8 Tips for a (More) Organized School Morning


Whether our kids are in favor or not, most of us are waving goodby to a carefree summer. Schedule and routine are about to become the norm again. (This is me high-fiving you for surviving another summer.)

With seven kids who need to be ushered out the door before 7:30 am, my family has seen some chaos and every year the goal is to tame a bit more of it.

If you want more tricks for your sleeves, here are eight tips to help your family succeed on school mornings:

1. Learn to be the Morning Director.

As a parent, our mindset needs to shift from the Do-er of All Things to the Director of All Things. We cannot do everything for everyone, but we can oversee those who do do. (Read that out loud to your 4th grader.)*

2. Wake up before the kids.

I used to roll from my bed when I heard cereal bowls clattering. But I have found that being a coherent MD (Morning Director) works better for all of us. Up and at ’em!

3. Start the day with alarm clocks.

If kindergarteners can navigate an iPod, they can probably handle the on/off button of an old-fashioned alarm clock. This starts the day with personal responsibility. A very good place to start.

4. Preassemble outfits.

For kiddos that need a bit of help putting pieces together that say, actually cover all of their bums, put together 5-10 outfits that are parent approved and let them choose one for the day. No sending kids back upstairs to change or rummaging through clothes baskets.

5. Play that funky music.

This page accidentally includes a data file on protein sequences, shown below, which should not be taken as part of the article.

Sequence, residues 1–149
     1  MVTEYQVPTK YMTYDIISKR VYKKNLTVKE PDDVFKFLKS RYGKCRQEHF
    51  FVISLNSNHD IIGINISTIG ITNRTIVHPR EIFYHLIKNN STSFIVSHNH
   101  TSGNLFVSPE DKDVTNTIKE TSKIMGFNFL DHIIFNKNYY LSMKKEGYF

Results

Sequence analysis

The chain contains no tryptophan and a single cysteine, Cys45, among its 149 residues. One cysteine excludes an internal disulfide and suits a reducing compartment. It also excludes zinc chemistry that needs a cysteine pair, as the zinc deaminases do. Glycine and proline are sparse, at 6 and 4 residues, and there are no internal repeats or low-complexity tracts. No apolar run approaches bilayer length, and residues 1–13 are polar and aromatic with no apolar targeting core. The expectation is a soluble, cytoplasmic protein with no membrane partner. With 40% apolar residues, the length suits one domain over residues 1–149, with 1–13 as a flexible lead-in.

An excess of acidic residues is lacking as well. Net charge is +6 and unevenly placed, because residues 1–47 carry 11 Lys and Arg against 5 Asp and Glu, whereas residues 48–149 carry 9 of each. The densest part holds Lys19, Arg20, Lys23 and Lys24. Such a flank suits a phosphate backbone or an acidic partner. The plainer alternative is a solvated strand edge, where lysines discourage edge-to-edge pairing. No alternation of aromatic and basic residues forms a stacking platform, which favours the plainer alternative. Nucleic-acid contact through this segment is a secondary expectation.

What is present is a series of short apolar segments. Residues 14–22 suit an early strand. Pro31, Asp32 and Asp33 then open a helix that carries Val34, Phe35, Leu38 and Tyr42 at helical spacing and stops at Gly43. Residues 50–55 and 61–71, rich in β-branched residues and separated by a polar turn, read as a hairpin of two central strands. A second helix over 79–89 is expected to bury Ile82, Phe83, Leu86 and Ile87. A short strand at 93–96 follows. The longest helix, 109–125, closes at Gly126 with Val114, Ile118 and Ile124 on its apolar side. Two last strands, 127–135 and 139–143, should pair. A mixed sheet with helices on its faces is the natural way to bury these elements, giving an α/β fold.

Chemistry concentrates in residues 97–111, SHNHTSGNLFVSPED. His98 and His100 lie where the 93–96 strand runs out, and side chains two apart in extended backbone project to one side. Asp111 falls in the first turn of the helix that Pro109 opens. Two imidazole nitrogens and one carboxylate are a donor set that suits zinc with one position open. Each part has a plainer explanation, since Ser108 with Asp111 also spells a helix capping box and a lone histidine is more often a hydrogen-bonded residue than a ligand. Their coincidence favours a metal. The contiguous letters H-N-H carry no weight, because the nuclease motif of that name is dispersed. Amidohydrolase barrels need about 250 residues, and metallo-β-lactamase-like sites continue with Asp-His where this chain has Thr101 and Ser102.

We parents get to set the tone for the day. Do your kids need to move a little faster? Dance music. Do they need more calm? Piano men. Do they need lots of Jesus? Worship favorites. We are consistently the latter.

6. Assign kitchen duty.

Be clear about morning chores. Who is cooking eggs, loading the dishwasher, taking out garbage? Unclear expectations add to the chaos.

7. Use the clock.

Start and end breakfast at specific times. Set a timer for bathroom grooming. Our van leaves at 7:20, hope you are in it, darling children. It might feel drastic but it just might be worth it.

8. Be prepared with natural consequences.

If kids are slow to get ready, they must be tired enough to go to bed 15 minutes early that night. If they make the family late for school, they get to serve their siblings by doing their breakfast chores. When we are prepared for uncooperative attitudes, the chaos seems to drops a notch.

*If you really think you should be doing All The Things for your kids, visit a kindergarten class and be amazed at All The Things that teacher has those tinies doing. Show me your ways, Great Teacher.


Cheers to all of you hardy parents out there doing the morning routine!
May our systems be efficient and our mugs caffeinated.


Copyright: <a href='https://www.123rf.com/profile_maglara'>maglara / 123RF Stock Photo</a>
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  1. Such clear, concise, and helpful suggestions! I'll be adding #5 for sure! Thanks for sharing your pro-tips---with a good dose of humor, my friend.

    • Ooohh... Let me know if you discover songs that bring on massive cooperation.

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